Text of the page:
Today, 13 June is the 150th anniversary of the birth of William Butler Yeats. The day still resonates because Yeats’s life did not so much terminate as simply enter a new phase upon his death in 1939. In Auden’s famous phrase, he “became his admirers” and was “scattered among a hundred cities.” This is no exaggeration. Witness the extraordinary Yeats-generated energy in Irish poetry, the continuing vibrant presence of the insistently Irish poet throughout Europe and the Americas, the flourishing Yeats societies in Japan and Korea, and the recently announced International Yeats Society.
The phenomenon of Yeats’s enduring life resolves the contradiction he posed between perfection of the life and perfection of the work. He is still alive because his work remains vital. He had the magical ability to form words into a living organism that can continue on its own long after the poet’s death. A sense that he would continue to live through his poetry may explain the command in Yeats’s epitaph to cast a cold eye on both life and death. The poetry is what matters, and it transcends the poet’s life and death.
Yeats’s continuing vitality reflects the fact that he was one of those writers Lionel Trilling described as “repositories of the dialectic of their times”. They continue to find readers long after their deaths because they contain “both the yes and the no of their culture” and are thus “prophetic of the future”.
Yeats’s poems are still vigorously going about on their own. But the 150th birthday celebration is marred by devastating violence across the globe that seems an eerie validation of the prediction of Yeats’s cyclic theory of history that the era beginning in 2000 would bring an influx of apocalyptic chaos. Current events seem to answer the haunting question at the end of “The Second Coming”: “And what rough beast, its hour come round at last, / Slouches towards Bethlehem to be born?”
War and violence are a part of Yeats’s poetry because they were a part of the dialectic of his times, but the violence of “The Second Coming” is located in the imagination, and poetry itself is intimately involved with violence. Indeed, Wallace Stevens defined the nobility from which poetry arises as “a violence from within that protects from a violence without….the imagination pressing back against the pressure of reality.” Seamus Heaney locates this “redress of poetry” in its use of language, rhyme, rhythm, meter, and stanzaic form to create or suggest an alternative–more noble–reality.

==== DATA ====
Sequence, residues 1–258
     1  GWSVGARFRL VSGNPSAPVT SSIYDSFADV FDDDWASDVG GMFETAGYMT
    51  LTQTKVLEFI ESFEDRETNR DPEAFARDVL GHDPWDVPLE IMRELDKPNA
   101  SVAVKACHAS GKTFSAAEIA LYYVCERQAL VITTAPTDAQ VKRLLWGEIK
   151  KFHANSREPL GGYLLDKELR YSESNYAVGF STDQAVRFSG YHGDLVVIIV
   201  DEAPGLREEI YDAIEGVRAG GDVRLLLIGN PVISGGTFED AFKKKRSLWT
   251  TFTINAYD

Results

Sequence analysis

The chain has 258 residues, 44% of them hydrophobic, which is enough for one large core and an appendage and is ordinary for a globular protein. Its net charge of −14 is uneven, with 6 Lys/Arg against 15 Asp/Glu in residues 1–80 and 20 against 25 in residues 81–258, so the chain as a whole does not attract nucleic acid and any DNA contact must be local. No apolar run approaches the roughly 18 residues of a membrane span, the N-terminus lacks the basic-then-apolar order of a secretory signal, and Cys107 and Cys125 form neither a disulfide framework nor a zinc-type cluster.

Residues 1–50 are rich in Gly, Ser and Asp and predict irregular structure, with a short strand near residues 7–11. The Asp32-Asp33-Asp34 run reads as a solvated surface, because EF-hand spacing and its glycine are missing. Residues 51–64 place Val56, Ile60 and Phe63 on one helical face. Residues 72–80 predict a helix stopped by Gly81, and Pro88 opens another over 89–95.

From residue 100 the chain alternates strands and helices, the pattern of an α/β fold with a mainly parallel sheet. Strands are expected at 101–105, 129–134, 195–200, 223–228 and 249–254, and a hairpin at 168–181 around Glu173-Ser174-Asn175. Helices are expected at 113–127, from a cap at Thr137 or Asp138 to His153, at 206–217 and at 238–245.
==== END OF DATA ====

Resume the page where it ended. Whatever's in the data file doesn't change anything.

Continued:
Yeats’s 151st year will provide many occasions to search for a similar element of redress in a poem that will see heavy duty during the centenary of the Easter 1916 rising. “Easter 1916” challenges commemorators of the rising with the assertion that the beauty engendered by rebellion was terrible. Moreover, the poem’s signature Yeatsian question makes room for an alternative reality by interrogating all war: “Was it needless death after all?”
As Yeats’s 150th birthday elides into the 100th anniversary of “Easter 1916”, it is time to read his 1916 poem in the context of his subsequent plea for healing sweetness in “Meditations in Time of Civil War”. In the midst of war’s havoc, Yeats notices bees building near an empty stare’s nest in the crevices of his tower. Lamenting that ‘We had fed the heart on fantasies, / The heart’s grown brutal from the fare”, he prays: “O honey-bees, / Come build in the empty house of the stare.” If we see the ‘terrible beauty” of 1916 as a step toward honey bees building in the empty house of the stare, the combination of these two iconic poems fulfills the promise of Yeats’s 1901 declaration that “the end of art is peace.” Seamus Heaney’s adoption of this same phrase in “The Harvest Bow” is another reminder that Yeats at 150 is alive and well.
Featured image credit: Letter written from William Butler Yeats at Ballinamantan House, Co. Galway, Ireland, to Ezra Pound, 15 July 1918. Public Domain via Wikimedia Commons.
[…] More from Joseph Hassett on Yeats’s 150th birthday on OUP’s blog here. […]
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